The design of our roads, shopping areas, local playgrounds, and other public spaces plays a significant role in all aspects of our health—physical, mental, and social. America’s auto-centric sprawl has played a role in our current national health crisis, and this understanding has created a renewed focus on public spaces and community design. Public officials and decision makers are now starting to consider health when making transportation and land-use decisions.
Dan Burden, America’s foremost walkability expert, leads our Blue Zones built environment team. We use decades of evidence-based experience and research to help improve and transform the street life in cities across the country and in Blue Zones Project communities.
Burden recommends these general guiding concepts, principles and patterns for designing and building model healthy communities. These concepts and principles apply to communities large and small, new and old, and influence both individual and community health. All face similar challenges, but often of different orders of magnitude and resources available. These principles and processes are flexible; they can be adapted depending on scale and context of each project.
People, human-scale and quality-of-life trump speed and efficiency of autos. Designs and features of well-planned districts accommodate cars, but give greatest support and incentive to people on foot. Pedestrians receive highest support, followed by transit, bikes, freight, and then cars.
Walking and active movement are not only the natural choice, but the unavoidable choice. People walk and are active a minimum of one-hour per day, by design.
Mentally, emotionally and socially healthy people require full lives of rich and dynamic engagement. A diversity of people live at this location (diverse in lifestyle, economic and social levels). Bumping into others happens naturally, through design of streets, open buildings and beautiful public spaces. Each building, block, park, other element or system creates natural engagement.
Layout and design of buildings and open spaces maximizes easy and natural mixing of people. No individual living in the community needs to walk more than 1,000 feet to engage others in a public setting.
The built environment is in harmony with the natural environment by featuring biophillic designs. To the maximum extent possible, all people are surrounded by green environments, where they live, shop, work and play; and people do not have to walk more than 1,000 feet to find a public gathering place. Trees and other natural elements are dominant features of all landscapes, helping address multiple needs of local aesthetics, environmental health, air quality and climatic (summer/winter) variations.
Auto-Dependency is low to non-existent for many. Incentives for driving are no longer dictating the architecture and placement of buildings. Parking is un-bundled, metered and managed. Ideally, parking is placed at the edges, and most people enjoy walking to their vehicles as part of their more active lifestyles.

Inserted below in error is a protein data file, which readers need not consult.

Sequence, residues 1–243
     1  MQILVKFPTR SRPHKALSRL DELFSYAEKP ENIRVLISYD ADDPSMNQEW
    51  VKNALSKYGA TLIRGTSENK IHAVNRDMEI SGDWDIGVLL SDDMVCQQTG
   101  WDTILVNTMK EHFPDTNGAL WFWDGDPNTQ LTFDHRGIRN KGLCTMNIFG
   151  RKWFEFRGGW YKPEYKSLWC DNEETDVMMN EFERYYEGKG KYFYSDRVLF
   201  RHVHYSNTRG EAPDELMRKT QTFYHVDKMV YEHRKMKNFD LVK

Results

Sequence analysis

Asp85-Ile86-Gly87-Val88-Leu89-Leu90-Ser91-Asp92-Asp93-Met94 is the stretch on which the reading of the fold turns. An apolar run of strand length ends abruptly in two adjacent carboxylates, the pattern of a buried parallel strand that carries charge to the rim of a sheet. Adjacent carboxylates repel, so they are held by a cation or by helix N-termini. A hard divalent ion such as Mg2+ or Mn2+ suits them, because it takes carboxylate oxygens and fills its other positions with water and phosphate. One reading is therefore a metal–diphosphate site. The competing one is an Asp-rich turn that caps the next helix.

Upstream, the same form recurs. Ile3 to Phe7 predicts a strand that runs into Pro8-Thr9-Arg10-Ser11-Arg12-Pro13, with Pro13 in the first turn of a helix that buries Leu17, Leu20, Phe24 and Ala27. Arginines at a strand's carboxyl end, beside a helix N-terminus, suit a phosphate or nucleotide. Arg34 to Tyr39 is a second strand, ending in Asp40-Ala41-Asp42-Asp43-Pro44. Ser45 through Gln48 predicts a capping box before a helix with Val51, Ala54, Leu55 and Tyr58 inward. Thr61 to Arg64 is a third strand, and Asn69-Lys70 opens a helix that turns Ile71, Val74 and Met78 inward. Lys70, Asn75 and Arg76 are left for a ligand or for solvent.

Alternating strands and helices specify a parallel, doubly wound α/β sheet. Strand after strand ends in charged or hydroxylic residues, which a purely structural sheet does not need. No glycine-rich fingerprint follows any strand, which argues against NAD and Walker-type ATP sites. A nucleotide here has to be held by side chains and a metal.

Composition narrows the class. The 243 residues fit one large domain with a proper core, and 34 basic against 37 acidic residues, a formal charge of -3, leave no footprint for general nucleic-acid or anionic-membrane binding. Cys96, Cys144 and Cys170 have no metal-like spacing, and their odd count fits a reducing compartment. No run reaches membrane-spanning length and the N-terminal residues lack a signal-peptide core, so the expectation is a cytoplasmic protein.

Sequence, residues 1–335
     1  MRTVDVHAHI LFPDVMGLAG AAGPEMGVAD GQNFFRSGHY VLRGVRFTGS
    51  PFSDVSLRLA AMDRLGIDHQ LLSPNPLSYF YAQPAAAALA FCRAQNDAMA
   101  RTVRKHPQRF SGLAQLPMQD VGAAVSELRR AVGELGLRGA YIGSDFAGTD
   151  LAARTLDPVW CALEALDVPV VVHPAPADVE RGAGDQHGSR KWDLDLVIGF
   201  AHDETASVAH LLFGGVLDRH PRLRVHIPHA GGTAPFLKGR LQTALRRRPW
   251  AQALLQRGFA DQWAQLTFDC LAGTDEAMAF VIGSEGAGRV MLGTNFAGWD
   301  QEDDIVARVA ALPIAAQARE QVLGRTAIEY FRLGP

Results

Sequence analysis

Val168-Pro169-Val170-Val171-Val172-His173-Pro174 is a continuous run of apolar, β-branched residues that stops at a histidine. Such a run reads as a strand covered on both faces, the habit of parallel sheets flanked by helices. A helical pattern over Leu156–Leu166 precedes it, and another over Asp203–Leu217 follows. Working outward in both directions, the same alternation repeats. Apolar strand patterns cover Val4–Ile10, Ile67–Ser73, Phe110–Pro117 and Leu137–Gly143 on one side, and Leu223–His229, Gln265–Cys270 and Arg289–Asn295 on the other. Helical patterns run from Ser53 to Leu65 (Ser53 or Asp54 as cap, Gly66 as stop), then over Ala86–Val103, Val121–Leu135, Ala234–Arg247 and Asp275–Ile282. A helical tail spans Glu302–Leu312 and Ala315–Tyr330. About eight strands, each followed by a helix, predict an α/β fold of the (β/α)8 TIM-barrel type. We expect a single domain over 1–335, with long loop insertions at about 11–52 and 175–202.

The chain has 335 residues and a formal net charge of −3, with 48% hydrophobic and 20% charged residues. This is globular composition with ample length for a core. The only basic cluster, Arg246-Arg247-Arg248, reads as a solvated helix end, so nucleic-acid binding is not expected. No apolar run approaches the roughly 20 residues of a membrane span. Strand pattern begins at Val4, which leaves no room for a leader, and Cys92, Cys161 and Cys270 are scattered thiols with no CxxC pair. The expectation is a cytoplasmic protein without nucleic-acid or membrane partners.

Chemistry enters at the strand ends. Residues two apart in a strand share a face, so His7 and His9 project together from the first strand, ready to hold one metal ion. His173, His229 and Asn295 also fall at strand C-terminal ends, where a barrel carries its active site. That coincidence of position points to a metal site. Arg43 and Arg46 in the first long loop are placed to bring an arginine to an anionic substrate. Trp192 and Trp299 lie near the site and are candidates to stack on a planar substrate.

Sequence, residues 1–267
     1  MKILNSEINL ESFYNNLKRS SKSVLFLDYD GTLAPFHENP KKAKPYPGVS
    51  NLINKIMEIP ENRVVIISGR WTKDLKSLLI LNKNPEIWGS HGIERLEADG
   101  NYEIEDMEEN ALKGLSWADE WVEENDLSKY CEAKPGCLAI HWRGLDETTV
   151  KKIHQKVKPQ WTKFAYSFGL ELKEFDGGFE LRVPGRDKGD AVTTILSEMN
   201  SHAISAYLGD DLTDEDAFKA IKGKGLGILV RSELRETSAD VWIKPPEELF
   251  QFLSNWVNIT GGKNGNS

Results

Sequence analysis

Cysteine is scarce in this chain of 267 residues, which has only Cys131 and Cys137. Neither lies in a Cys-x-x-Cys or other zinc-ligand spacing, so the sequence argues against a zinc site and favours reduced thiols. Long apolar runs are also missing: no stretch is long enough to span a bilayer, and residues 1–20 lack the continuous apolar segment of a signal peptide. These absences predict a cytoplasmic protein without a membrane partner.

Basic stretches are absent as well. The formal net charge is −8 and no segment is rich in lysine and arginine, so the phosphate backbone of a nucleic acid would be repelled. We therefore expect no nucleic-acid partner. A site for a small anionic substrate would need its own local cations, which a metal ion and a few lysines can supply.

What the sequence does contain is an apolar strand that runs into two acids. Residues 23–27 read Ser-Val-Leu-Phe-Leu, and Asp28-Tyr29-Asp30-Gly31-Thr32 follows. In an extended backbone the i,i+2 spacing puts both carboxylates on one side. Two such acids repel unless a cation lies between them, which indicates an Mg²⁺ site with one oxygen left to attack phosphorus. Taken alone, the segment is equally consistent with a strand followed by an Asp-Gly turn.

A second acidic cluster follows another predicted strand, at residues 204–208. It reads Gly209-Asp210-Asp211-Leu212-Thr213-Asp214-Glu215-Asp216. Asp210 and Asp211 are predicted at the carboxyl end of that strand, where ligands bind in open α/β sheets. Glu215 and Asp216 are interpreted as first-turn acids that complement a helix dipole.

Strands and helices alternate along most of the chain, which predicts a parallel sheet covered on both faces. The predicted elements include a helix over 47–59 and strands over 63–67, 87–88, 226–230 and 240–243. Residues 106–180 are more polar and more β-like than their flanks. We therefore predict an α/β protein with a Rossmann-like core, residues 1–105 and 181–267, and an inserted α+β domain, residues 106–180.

A variety of transit options and desirable walking routes to transit are featured. Options might include trolleys, trams, buses and water taxis. Intermodal stations are convenient, welcoming, comfortable and well connected. Transit is not just competitive to other modes, it makes possible, efficient, comfortable and enjoyable movement.
Use of non-porous materials in streets, parking lots and other features is minimized. Potential water and pollution runoff, solar heat traps and auto-centric designs are minimized. Sustainable cities attracting the greatest number of new jobs, such as Seattle, now have an active “pavement to parks” program.
Paths (and low-volume streets) lead to activity centers, transit stops and other places of reward. Alignment of streets celebrates landmark places (natural and man-made). Individuals find it comfortable, easy, rewarding and memorable to walk, bike and travel to featured landmarks.
To the maximum extent feasible use nature to define districts.
“Cities should not contain parks; parks should contain cities.” – Frederick Law Olmsted
Places for play and social exchange are convenient, but natural play, rich in discovery, is also featured in streetscapes, parks, along trails or in plazas. Organized sports are accessible by trails and placed on perimeters, so these organized play fields do not overly-consume precious land and resources. Parking is on-street, not in the park.
Use transportation to build the community, not divide it. Build streets to add value and livability to adjacent properties. The first priority of commercial streets is to maximize retail and social exchange.
(Related Read: Built Environment Impact on Public Health)
Example of a Blue Zones street transformation in Fort Worth, TX.